My experience with a subwoofer began a few years later when I was first introduced to a true high-end audio system. There, in the living room of local audiophile Norm Little, was serial numbers 1 and 2 of aerospace engineer Eugene J. “Gene” Czerwinski’s creation, a pair of 18″ Cerwin-Vega subwoofers capable of producing 130 dB at 30 Hz, an astonishing level during its time (or any time).

I suppose I have never gotten over the experience of hearing for the first time, all there is in the recordings, including subsonics.

Until you hear it all, you’re not going to know what true high-end audio really is.

Asheville, Walnut Cove, Biltmore Forrest and Western North Carolina’s Audio and Home Theater specialists present Cane Creek AV and Paul McGowan – PS Audio, Intl.

Rituals

There are plenty of audiophile rituals. Though they might seem quirky or odd to the great unwashed they are part of what defines us as purveyors of the art.

Take for example the rituals many of us have for playing a vinyl record: how we carefully remove the disc from the sleeve, cleaning the stylus, perhaps zapping the staticy disc with a Zerostat, the care with which we set the arm over the record, the flourish at the end as we make a last check everything’s in order before sitting down in our listening spot.

Did I mention our listening spot? The sweet seat? The ritual where newcomers to our stereo system are offered that lofty perch from which to fully enjoy the pleasures of the experience?

Or the turning low the lights for that special track?

Or setting the cover of the CD or album upright as if it were being presented as a marquee?

I won’t even mention demagnetizing a disc before playing.

Rituals are there to make sure everything’s in order and that chaos does not affect the outcome.

As Audiophiles, we’ve certainly got our share.

Asheville, Walnut Cove, Biltmore Forrest and Western North Carolina’s Audio and Home Theater specialists present Cane Creek AV and Paul McGowan – PS Audio, Intl.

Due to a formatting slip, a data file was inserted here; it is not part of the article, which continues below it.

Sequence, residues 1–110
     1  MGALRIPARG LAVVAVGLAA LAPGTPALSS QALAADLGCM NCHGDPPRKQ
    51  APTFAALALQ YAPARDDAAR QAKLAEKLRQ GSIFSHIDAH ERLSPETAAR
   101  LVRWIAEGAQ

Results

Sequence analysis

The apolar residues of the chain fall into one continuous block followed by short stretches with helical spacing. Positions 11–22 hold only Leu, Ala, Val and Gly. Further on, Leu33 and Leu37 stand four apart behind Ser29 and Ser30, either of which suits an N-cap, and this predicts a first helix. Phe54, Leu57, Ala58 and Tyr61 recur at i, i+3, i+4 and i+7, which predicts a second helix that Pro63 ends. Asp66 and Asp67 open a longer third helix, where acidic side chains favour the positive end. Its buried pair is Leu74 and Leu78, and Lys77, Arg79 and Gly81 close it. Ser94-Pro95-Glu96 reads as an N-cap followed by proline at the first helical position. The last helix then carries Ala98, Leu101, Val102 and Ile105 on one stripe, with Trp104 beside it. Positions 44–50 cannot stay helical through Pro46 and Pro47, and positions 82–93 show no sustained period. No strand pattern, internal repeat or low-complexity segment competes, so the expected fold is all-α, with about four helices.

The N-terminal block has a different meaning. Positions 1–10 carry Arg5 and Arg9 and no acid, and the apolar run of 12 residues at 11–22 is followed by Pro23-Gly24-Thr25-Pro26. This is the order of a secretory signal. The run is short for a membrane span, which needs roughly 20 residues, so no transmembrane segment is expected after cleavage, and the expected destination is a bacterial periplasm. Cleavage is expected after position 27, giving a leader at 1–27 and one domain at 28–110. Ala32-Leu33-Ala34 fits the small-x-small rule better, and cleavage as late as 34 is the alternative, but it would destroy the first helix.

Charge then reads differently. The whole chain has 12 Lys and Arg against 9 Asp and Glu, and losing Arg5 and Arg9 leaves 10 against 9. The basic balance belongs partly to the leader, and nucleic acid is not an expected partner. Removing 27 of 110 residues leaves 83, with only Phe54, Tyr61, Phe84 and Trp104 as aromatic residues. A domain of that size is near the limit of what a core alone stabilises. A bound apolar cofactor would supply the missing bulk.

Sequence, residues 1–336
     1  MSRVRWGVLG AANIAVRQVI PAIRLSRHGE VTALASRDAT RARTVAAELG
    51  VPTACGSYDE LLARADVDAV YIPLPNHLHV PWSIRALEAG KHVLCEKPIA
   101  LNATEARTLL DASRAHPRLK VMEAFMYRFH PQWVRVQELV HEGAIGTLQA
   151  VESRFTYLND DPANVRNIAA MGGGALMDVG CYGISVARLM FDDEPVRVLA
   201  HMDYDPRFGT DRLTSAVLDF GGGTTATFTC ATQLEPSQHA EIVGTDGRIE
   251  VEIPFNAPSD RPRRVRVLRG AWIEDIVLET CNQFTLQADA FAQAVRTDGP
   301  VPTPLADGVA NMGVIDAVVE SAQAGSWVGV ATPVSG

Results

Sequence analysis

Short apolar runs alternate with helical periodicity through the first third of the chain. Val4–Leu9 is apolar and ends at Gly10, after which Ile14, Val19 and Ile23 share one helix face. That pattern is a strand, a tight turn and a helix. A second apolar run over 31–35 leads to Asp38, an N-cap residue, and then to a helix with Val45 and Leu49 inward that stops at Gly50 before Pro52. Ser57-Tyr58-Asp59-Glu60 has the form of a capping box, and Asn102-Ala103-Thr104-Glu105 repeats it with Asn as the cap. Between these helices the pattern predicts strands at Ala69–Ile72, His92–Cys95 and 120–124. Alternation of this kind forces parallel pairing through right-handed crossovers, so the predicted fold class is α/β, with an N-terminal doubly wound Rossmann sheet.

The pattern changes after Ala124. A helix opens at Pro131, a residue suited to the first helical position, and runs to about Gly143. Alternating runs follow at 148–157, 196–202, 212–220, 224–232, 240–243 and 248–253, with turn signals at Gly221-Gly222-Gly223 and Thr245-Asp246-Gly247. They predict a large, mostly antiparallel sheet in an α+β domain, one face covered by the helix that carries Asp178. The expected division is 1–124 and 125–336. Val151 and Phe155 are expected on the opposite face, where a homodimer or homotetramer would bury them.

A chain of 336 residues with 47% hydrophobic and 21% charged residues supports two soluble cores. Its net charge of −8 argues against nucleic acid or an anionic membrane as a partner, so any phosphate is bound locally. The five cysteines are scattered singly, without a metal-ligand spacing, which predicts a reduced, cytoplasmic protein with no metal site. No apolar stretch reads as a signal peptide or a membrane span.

I agree with this!!

Center perfection

Over the years I have noticed a perfect center fill can foretell a perfect soundstage.

And while it might at first seem simple a simple formula—get the center image right and the soundstage falls into place—it doesn’t always work that way.

The problem with relying upon the center fill as a harbinger of soundstage correctness can be found in the difficulty of getting the phantom center channel perfected.

It’s easy to use extreme speaker toe-in to get a holographic center image. Unfortunately, that’s often at the expense of soundstage width.

Center fill perfection occurs when we have all the center channel elements in place: depth, height, size, palpability, and three-dimensionality.

As I write in The Audiophile’s Guide, the solution to getting the center channel right is found not with toe-in but without. The closer you can get to center channel perfection with the speaker baffles parallel to the left/right horizontal ear-plane, the wider, deeper and more convincing your soundstage.

As I explain in the book, the degree to which you can have your center channel and soundstage cake and eat it too depends on your speaker’s off-axis response character. A relatively flat off-axis response is key to soundstage perfection.

Set your bullseye for the center but don’t ignore everything around it.

Asheville, Walnut Cove, Biltmore Forrest and Western North Carolina’s Audio and Home Theater specialists present Cane Creek AV and Paul McGowan – PS Audio, Intl.

Reviewing the critics

A stereo reviewer is an audiophile with knowledge, experience, and the chops to write about it.

They are essential community assets.

Theirs is a tough job. Imagine the challenge of reviewing loudspeakers. It’s hard enough for any of us to get a new pair of speakers and set them up properly. It must be a magnitude more difficult to do this for a review. Get the setup wrong and readers get an unfair evaluation of the speaker.

And then there’s the challenge of passion. A dispassionate clinical review—one that’s not clouded by personal bias—is what most of us think we’re after. To quote Sgt. Friday, “give us just the facts”.

But honestly, how many of us don’t thrill to a reviewer’s passion? It’s actually what I look for. Their level of excitement tells me more about a product’s virtues than any technical description or dispassionate analysis.

I care about how the stereo equipment made them feel.

Because how the audio equipment makes us feel is what it’s all about anyway.